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Farmers and land managers provide high-quality food while enhancing and protecting our countryside. From 1 January 2021 we can shape English agricultural policy so it supports both endeavours. This leaflet sets out our intended changes.
To make sure there’s a gradual transition to the new system, we plan to make changes over a seven-year agricultural transition period. We want to give farmers and land managers sufficient time to adapt and prepare.
During this period, we plan to phase out Direct Payments in England. In doing so, the relationship between government and farmers will start to change as we move away from a subsidy-based approach to a more business-like partnership.
We recognise that farmers, land managers and the numerous sectors that support our agricultural industry need to make sure their businesses are self-reliant, productive and resilient. To enable this, we’ll provide information on policy decisions in a timely way.
We aim to become more collaborative, working in partnership with farmers, land managers and others involved in agriculture to design and develop a progressive system.
We aim to become less bureaucratic, and to engage and communicate effectively with the farming community on policy and operational issues, when decisions are made, and during periods of uncertainty.
We aim to promote the important role of the agricultural community and the positive contribution it makes to our environment and to the food sector.
Phasing out Direct Payments
We plan to phase out Direct Payments in England from 2021 to 2027. We’ll reduce the payments fairly – in the first year, the biggest reductions will be applied to the higher payment bands:
|Direct Payment band**||Maximum reduction|
|Up to £30,000||5%|
|£30,000 - £50,000||10%|
|£50,000 - £150,000||20%|
|£150,000 or more||25%|
** For example, for a claim worth £40,000, we’ll apply a reduction of up to 5% to the first £30,000 and up to a 10% reduction to the next £10,000.
We’ll set the reduction percentages for later years by taking into account our detailed plans for future schemes and wider decisions about government spending. We’ll keep farmers updated as decisions are made.
We plan to ‘delink’ Direct Payments from the requirement to farm the land, and we plan to make these payments regardless of whether the recipient chooses to continue farming or not.
We plan to consult on the details of these changes and will share guidance with farmers in good time before delinking starts. The earliest we would delink payments is 2022.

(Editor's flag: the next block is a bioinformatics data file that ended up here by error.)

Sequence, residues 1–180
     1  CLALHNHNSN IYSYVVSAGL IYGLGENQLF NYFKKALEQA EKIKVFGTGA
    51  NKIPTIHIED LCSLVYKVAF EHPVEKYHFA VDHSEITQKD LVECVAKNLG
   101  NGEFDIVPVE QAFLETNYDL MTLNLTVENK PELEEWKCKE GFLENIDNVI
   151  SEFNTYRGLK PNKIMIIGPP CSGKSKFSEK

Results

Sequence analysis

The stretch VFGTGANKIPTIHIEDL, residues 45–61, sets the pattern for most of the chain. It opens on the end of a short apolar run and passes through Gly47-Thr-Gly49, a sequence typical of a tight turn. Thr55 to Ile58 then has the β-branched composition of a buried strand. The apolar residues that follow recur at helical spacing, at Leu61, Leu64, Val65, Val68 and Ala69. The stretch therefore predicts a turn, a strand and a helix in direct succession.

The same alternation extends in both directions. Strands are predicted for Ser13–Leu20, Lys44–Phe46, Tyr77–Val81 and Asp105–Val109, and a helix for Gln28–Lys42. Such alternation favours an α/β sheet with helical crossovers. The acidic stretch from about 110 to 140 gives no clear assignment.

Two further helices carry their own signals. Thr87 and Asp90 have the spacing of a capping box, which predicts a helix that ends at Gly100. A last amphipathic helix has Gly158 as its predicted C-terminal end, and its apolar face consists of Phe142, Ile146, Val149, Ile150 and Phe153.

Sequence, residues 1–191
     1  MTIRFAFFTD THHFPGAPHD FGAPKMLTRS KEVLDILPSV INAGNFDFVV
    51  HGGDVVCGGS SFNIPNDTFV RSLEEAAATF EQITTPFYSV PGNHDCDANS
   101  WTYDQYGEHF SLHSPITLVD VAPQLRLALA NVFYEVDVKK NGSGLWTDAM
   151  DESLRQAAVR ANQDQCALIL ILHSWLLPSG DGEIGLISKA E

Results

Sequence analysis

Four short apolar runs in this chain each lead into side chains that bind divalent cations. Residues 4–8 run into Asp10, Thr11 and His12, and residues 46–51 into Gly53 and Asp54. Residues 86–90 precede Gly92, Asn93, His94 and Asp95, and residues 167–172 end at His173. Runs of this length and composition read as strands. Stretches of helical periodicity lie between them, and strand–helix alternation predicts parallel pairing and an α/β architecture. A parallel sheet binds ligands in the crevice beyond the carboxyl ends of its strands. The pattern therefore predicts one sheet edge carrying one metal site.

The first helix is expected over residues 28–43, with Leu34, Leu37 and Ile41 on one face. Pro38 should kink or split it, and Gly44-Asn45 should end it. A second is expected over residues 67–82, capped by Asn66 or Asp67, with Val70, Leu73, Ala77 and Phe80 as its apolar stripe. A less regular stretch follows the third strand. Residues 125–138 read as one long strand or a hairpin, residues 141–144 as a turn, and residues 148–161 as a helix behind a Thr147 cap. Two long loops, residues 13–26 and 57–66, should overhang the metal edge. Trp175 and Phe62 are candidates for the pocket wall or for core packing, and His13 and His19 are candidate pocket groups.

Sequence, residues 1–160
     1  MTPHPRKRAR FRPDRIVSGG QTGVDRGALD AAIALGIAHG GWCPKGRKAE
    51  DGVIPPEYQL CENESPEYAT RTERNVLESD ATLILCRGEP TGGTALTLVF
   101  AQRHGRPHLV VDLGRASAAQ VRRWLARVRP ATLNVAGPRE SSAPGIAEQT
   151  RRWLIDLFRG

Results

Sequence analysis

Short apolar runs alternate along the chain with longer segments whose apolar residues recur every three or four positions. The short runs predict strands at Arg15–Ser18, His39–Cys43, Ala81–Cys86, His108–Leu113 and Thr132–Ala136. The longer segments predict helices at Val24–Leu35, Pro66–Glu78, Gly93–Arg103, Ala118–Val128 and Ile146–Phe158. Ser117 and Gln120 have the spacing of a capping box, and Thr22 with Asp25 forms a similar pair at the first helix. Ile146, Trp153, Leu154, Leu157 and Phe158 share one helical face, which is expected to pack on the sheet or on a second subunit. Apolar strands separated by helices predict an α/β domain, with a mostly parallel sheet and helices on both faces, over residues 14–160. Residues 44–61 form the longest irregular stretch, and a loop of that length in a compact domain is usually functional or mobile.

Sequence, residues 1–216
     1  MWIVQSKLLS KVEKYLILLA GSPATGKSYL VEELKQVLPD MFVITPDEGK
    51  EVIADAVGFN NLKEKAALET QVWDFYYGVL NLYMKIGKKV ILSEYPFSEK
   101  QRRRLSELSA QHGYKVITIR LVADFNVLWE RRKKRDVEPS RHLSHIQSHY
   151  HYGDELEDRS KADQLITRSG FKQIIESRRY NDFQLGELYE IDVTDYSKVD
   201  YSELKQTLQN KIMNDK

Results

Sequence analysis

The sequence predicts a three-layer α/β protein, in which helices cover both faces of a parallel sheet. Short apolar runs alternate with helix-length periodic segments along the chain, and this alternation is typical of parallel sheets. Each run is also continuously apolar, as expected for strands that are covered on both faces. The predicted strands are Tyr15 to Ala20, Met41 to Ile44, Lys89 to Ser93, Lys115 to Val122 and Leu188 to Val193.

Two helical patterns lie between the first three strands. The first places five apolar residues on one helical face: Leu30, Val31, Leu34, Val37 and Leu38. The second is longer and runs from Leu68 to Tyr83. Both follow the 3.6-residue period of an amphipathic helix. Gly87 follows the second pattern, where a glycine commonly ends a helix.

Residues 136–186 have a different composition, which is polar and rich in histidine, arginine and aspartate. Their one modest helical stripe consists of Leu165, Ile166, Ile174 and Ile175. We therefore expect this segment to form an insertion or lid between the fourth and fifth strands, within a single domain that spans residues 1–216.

The delinked payments could be used in any way, for example to invest in improving productivity, to diversify the business or to retire from farming. This should help to provide more opportunities for new entrants, and existing farmers wishing to expand, or to buy or rent land.
We’re also looking into the option of offering farmers a one-off lump sum in place of any further Direct Payments they would have been entitled to receive. We plan to run a consultation with farmers later in the year to look into how this could work best. Regardless, the earliest we’d offer the lump sum would be 2021.
By 2021, we plan to communicate what compliance looks like and how we’ll monitor regulations in the short term. In the longer term, we plan to adopt a partnership-based approach in designing a future regulatory system. This means we’ll work with farmers to develop ways to monitor regulations in the future.
Our new approach to regulation and enforcement will be more targeted. We’ll balance maintaining robust regulatory requirements – which protect our standards and reputation – with proportionate monitoring, inspection and enforcement activity.
We want to create a new culture of regulation, one which encourages better communication and data-sharing between Defra agencies, and a smoother, less burdensome experience for those who are regulated.
Rural Development Programme
The current government has committed to fund all Rural Development Programme projects commencing before the end of 2020. These projects will run for the lifetime of their agreement.
We recognise the unique situations of our rural areas and the support they’ll require from 1 January 2021. This is why we’re working with the Ministry of Housing, Communities and Local Government to develop the ways in which the UK Shared Prosperity Fund will support the rural economy from 1 January 2021.
Under current plans, new Countryside Stewardship agreements will continue to be available in the first few years of the agricultural transition period.
We’ll ensure there is a smooth transition from Countryside Stewardship to the new Environmental Land Management (ELM) scheme. Under the transition plans, there will be a period of time in which both the old and new systems operate. This will allow time to plan and prepare for the future.
No one in a Countryside Stewardship agreement will be unfairly disadvantaged when we transition to new arrangements under ELM. Until then, signing a Countryside Stewardship agreement gives a viable, long-term source of income for providing environmental benefits.
Transparency in the supply chain
We want to give farmers and producers better access to data: enabling those who produce our food to make more informed, market-driven decisions, and equipping them in their negotiations with processors and retailers.
We also plan to publish, maintain, and enforce statutory codes of practice, which will help farmers to be confident that they’re receiving fair treatment in their business dealings.
Under current plans, we’ll also replace the European Producer Organisation system with one that is tailored to the needs of farmers and growers in this country, and that will provide a system that makes greater collaboration between primary producers easier.
Tree and plant health
In recognition of the valuable environmental benefits provided by our trees, woodlands and forests, we’re reviewing the existing package of tree health grants designed to protect our treescape from the ever increasing threat of pests and diseases.